Winds picked up after midnight on August 22nd, and by sunrise winds reached strong force in urban areas and gale force on high grounds and in offshore waters. The Observatory issued the Pre-no. 8 Special Announcement at 05:50 HKT when the storm was 190 km SE of Hong Kong, indicating that the number 8 signal would be issued before 08 HKT. Ferry services within the territory and those between Hong Kong and Macau were gradually suspended in the morning and all day schools were also suspended on August 22nd.

The Observatory issued the Number 8 Northwest Gale or Storm Signal at 07:40 HKT when NURI was 160 km SE of Hong Kong, and stated that the chance of a direct hit could not be ruled out.

Direct Hit on Hong Kong

Pressure dropped sharply during the morning of August 22nd. Being the closest available station to NURI, Waglan Island's sea level pressure dropped to 989 hPa near 09 HKT and further to 985 hPa at 11 HKT. North to northwesterly winds continued to strengthen in the territory with a direct hit becoming more and more likely. In light of this situation, the Observatory issued the Increasing Gale or Storm Signal number 9 at 13:40 HKT, the first issuance since Typhoon Dujuan in 2003. Storm force winds were recorded at several stations at that time with the storm being 40 km away from the HKO Headquarters. In a media interview with Edwin Ginn, Senior Scientific Officer of the HKO, it was mentioned that the chance of the Hurricane Signal number 10 could not be ruled out if NURI edged closer and maintained intensity.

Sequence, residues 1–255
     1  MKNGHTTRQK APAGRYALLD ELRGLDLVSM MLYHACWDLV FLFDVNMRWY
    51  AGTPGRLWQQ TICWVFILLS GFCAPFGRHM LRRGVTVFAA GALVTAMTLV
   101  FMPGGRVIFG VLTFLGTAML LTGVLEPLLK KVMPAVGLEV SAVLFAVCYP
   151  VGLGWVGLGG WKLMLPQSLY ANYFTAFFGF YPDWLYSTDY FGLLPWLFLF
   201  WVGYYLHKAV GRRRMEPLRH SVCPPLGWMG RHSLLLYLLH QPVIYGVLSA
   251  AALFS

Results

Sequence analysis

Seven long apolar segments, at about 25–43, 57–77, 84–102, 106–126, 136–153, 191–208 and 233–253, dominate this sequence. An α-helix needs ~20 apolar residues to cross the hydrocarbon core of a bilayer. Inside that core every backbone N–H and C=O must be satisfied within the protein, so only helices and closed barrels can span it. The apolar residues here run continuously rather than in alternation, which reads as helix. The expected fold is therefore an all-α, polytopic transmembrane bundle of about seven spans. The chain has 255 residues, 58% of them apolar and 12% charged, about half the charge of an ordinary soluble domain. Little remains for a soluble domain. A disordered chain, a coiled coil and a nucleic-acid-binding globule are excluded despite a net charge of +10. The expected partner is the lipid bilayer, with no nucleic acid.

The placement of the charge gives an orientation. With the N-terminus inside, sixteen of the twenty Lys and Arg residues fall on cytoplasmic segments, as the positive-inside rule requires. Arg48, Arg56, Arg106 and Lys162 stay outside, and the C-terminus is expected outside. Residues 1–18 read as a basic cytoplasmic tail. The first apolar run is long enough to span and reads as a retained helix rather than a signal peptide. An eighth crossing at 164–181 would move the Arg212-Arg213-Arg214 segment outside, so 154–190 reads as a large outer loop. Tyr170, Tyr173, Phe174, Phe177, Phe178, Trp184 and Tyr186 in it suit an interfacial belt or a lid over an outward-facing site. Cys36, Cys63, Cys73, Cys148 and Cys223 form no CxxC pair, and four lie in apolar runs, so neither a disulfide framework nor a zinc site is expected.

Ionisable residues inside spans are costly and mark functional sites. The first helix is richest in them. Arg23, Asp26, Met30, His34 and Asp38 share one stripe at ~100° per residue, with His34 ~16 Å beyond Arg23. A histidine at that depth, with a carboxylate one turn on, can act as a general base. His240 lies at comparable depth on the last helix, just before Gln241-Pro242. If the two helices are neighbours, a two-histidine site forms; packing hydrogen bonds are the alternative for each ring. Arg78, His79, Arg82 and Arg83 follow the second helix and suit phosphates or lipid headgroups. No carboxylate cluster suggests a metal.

However real-time wind speed data were not sufficient to support hurricane force winds within Hong Kong at sea level, and thus the HKO downgraded NURI into a severe tropical storm at 17 HKT, literally wiping out the chance of the hurricane signal. In the next hour, NURI turned to a westerly motion and traversed Kowloon from east to west, entering the seas between Hong Kong Island and Tsing Yi. NURI then turned northwestward and approached Tuen Mun at near 20 HKT, and went north into Deep Bay at 21 HKT. It skirted the western part of Shenzhen and crossed the Pearl River estuary to the western coast, weakening gradually in the meantime.

During the passage of NURI, winds subsided in some urban areas but was later on replaced by strong southwesterly winds. Waglan Island (with elevation in excess of 80 m) recorded hurricane force southwesterly winds as NURI moved to northwestern parts of Hong Kong, and Cheung Chau recorded storm force winds. Therefore the number 9 signal was justified as it alerted the public about the rapidly strengthening winds at night.